Historical Perspectives of Canadian Children’s Picture Books: an Empirical Study of Canadian Literacy Practices and the Canadian Identity
Kari-Lynn Winters, Tiffany L. Gallagher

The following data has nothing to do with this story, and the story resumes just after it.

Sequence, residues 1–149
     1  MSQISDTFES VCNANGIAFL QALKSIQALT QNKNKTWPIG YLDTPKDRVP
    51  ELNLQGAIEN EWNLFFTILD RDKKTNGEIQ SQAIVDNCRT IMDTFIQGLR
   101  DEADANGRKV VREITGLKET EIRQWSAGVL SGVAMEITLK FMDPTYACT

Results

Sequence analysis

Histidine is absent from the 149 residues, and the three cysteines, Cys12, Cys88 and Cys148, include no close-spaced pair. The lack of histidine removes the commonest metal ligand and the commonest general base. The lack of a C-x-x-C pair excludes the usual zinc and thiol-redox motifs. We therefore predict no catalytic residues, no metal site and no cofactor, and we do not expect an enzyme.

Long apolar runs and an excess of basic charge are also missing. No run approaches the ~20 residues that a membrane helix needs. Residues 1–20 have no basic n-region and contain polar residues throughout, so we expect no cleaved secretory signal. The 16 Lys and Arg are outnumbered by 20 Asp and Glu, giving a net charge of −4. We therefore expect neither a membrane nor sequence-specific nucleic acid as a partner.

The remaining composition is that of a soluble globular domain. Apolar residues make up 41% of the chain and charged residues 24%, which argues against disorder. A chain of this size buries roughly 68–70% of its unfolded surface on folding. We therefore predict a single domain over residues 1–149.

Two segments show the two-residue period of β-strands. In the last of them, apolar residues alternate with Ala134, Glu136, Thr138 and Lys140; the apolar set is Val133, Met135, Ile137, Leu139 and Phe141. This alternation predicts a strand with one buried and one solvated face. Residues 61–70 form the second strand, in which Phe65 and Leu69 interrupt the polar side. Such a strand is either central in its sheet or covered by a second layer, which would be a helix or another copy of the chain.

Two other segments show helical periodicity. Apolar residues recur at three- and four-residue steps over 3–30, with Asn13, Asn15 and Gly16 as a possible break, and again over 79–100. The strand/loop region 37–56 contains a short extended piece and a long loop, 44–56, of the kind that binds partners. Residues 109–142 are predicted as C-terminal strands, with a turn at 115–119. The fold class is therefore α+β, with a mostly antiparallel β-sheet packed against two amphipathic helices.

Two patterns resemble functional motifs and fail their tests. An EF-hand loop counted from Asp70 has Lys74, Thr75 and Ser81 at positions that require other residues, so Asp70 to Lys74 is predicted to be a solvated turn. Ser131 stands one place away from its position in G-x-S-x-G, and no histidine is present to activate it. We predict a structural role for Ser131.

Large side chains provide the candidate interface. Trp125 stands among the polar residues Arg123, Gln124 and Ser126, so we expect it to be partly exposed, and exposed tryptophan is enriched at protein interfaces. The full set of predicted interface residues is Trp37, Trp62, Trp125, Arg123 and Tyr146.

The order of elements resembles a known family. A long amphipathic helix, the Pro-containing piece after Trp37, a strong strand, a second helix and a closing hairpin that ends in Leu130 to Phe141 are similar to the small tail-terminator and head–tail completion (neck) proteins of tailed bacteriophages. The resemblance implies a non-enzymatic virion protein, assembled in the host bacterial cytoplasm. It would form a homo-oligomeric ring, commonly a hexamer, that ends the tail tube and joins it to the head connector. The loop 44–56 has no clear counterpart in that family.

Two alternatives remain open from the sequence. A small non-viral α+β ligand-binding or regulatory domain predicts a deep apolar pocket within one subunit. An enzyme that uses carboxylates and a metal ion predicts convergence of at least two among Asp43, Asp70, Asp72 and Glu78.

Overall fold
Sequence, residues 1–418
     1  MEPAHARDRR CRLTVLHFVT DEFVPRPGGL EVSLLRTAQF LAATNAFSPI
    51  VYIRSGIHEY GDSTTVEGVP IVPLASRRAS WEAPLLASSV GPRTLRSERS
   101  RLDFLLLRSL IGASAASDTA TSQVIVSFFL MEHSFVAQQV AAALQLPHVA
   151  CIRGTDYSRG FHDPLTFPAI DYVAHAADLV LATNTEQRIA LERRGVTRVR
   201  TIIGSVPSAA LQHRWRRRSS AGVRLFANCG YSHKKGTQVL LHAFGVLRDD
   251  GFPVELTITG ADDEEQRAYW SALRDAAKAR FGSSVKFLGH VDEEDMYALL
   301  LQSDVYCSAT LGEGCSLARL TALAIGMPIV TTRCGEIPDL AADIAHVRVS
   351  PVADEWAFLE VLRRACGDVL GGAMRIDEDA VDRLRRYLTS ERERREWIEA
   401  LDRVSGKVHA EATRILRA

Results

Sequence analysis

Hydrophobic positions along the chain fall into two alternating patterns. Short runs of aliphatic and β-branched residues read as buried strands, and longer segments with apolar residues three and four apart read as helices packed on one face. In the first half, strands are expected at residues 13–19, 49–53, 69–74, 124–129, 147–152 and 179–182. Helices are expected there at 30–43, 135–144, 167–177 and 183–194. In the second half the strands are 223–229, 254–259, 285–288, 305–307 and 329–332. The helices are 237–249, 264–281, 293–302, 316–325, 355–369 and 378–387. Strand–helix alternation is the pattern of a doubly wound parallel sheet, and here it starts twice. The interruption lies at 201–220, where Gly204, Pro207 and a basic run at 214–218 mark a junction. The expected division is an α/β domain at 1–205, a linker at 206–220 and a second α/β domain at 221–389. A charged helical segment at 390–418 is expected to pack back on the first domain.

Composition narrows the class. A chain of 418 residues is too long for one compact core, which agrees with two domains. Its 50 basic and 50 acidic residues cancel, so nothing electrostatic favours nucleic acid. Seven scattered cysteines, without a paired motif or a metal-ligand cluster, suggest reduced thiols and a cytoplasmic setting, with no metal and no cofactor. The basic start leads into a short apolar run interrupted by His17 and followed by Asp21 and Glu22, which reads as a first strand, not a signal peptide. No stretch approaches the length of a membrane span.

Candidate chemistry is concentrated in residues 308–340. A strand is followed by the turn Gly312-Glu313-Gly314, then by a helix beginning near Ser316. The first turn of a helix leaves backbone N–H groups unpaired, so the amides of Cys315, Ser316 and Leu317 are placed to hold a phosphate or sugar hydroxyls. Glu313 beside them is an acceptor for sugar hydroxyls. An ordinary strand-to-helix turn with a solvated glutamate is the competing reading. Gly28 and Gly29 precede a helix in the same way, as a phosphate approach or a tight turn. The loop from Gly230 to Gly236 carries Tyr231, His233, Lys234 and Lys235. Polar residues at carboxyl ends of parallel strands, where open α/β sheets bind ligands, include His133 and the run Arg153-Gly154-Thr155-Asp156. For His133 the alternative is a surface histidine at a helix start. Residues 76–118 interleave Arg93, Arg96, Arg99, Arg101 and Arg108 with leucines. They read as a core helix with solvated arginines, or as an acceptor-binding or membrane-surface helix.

This paper contributes to dialogues about children’s literature and literacy research by looking at how representations of print-literacy have been contextualized in 250 Canadian picture books published across a forty-year period. This study’s quantitative analysis asks how authors and illustrators represent literacy events and how these representations may/may not play a role in constituting Canada’s norms around literacy. New Literacy Studies perspectives are employed as theoretical and analytic frameworks. Results suggest that, to some extent books do reflect Canadian’s structured routines, inclusivity, and shape how Canadians portray themselves. Literature intervenes in our lives, affirming our ideologies and reflecting our beliefs.
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